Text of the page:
Table 2 Settings of parameter ranges and corresponding default values of chosen optimizers

Please note that some values were chosen according to the relatively low budget of function evaluations, which is suitable for the given use case. This is especially the case for parameters that, e.g., control the number of candidate solutions per iteration. See, for example, the designSize, which is the size of the initial design of both chosen surrogate-model–based optimizers, or the popsize, which is the number of individual solutions for each iteration of the differential evolution algorithm.

At first, the applicability of the simulations for the VPS problem is analyzed experimentally. We assume a correlation between the performance of the available algorithms on the ground truth and the simulations.

Figures 7 and 8 show the rank of the performance of the algorithms on the corresponding problem instance, i.e., the ground truth or the simulation. Even if some algorithms change their rank over time, a quite strong correlation of the difficulty between the instances can be seen. A pairwise correlation analysis of the algorithm performance on the two different types of objectives, either the ground truth or the simulations, using the Pearson method is applied. The results are shown in Table 3 and reveal a both high and significant correlation between the performance of the algorithms on the different objective functions with a correlation coefficient of 0.823 and a low p-value (2.2e − 16). This supports our assumption that the usage of simulations to benchmark algorithms is valid.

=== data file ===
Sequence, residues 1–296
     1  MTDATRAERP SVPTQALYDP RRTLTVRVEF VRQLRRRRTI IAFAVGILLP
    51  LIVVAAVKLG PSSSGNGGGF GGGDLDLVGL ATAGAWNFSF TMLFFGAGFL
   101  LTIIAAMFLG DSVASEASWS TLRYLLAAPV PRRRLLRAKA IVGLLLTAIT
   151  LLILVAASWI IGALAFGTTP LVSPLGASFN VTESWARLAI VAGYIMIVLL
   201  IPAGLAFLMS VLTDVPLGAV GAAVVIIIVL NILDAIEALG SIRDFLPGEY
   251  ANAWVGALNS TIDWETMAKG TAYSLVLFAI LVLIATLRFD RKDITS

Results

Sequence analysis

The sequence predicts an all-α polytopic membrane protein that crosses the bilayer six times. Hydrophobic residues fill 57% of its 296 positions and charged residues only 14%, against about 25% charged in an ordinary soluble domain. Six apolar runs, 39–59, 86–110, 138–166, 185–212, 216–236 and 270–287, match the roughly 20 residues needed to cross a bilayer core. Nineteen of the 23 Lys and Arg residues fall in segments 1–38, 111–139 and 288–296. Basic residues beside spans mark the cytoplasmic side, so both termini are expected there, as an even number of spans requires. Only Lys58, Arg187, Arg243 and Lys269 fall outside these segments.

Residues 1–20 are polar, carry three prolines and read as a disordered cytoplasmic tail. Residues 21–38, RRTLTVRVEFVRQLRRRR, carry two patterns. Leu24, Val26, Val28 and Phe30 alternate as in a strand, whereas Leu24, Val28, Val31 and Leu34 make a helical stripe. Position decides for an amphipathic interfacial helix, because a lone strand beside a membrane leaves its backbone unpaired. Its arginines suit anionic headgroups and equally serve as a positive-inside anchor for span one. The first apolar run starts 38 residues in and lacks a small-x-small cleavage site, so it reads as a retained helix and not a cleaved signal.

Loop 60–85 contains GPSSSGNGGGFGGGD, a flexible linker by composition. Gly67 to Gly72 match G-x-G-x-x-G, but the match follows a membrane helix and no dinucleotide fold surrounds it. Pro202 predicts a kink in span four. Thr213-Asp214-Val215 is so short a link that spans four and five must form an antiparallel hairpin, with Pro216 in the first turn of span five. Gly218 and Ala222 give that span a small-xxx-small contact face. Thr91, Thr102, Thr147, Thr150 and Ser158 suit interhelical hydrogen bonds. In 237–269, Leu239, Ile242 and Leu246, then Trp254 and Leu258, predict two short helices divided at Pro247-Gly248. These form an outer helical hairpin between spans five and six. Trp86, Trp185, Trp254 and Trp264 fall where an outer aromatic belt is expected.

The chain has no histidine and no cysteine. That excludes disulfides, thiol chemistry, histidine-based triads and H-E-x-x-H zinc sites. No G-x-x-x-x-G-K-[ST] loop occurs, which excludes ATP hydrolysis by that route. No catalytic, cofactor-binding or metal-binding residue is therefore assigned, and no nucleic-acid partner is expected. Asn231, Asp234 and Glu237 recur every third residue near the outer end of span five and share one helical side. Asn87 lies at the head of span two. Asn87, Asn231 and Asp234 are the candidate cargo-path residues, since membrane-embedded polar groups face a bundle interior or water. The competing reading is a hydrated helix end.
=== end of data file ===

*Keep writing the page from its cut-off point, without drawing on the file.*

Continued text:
Fig. 7
figure 7

This plot shows the rank-based performance of the algorithms on the ground truth over the number of production cycles. Lower ranks represent better performance

Fig. 8
figure 8

This plot shows the rank-based performance of the algorithms on the simulations over the number of production cycles. Lower ranks represent better performance

Table 3 Results of the Pearson’s correlation between the algorithms performance on the ground truth and on the simulations